Hospital staff ready to fight second wave of Covid-19

The team at University Hospital Monklands in Airdrie said lessons have been learned about the virus.

Staff at a hospital have said they have never faced anything like coronavirus before, but are now better prepared to fight a second wave of potential infections.

The team at University Hospital Monklands in Airdrie said lessons have been learned about the virus and they now know how to treat it.

The NHS Lanarkshire staff have adapted the way they work – from implementing one-way systems to how they put on and take off personal protective equipment (PPE).

Speaking to ITV News, Margaret Harkins, intensive care ward manager, said: “I’ve been an ICU nurse for about 19 years now and this is so different to anything we’ve seen before.”

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Charlene Fairlie, intensive care staff nurse, added: “I think we’re progressing every day. 

“We’re getting better, we’re knowing more, we know how to react to these patients, and we’re better prepared now if we did have a second wave or a third wave.”

The hospital took its first coronavirus patient in early March.

Ami Ewart, an intensive care staff nurse, said fighting on the frontline had been “physically and emotionally” draining.

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Dr Rachel Fraser, senior anaesthetic registrar, added: “NHS as a whole is understaffed, underfunded. And I think this pandemic has brought that again to light.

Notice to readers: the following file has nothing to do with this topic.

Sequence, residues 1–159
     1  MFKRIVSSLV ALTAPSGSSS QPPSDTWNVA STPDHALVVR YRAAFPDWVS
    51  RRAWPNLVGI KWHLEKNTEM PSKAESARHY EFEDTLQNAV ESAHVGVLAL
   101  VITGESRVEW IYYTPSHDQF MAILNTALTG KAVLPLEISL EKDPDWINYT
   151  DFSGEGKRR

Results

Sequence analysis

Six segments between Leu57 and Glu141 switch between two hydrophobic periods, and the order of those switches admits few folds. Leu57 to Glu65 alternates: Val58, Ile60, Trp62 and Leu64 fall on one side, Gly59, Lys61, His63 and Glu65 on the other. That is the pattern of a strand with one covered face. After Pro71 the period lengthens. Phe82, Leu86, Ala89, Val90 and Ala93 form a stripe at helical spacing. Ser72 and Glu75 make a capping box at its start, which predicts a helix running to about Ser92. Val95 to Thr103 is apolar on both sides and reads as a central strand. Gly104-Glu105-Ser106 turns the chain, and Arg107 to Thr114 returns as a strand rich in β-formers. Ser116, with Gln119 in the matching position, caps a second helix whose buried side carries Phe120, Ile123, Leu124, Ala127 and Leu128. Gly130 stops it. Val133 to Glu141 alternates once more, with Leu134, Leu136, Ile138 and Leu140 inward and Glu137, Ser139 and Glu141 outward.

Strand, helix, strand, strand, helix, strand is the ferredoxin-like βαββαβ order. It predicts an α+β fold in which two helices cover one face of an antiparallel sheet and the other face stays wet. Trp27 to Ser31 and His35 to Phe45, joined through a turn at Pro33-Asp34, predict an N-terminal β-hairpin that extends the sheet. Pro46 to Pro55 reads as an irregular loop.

“And it’s brought that to everyone’s front of their minds, so I hope that will continue to improve as the pandemic evolves.”

NHS Lanarkshire stopped hospitals from becoming overwhelmed by repurposing community health centres for Covid-19 triage.

Around 60% who go in are deemed fit enough to recover at home.

Covid-19: Sean Campbell has spent almost four weeks in hospital.

Patient Sean Campbell, 28, has spent almost four weeks in hospital after being diagnosed with Covid-19.

After almost two weeks on a ventilator, he is now on dialysis and relearning to walk.

He told ITV News: “Coronavirus is kind of affecting a lot of people’s kidneys at the moment, and I’m still not sure what’s wrong with mine as well.

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“It’s not been an easy ride.”

Mr Campbell said he is in the “best place for recovering”, but has found being away from his family the “hardest part”.

Once out, he said he is most looking forward to tucking into a KFC.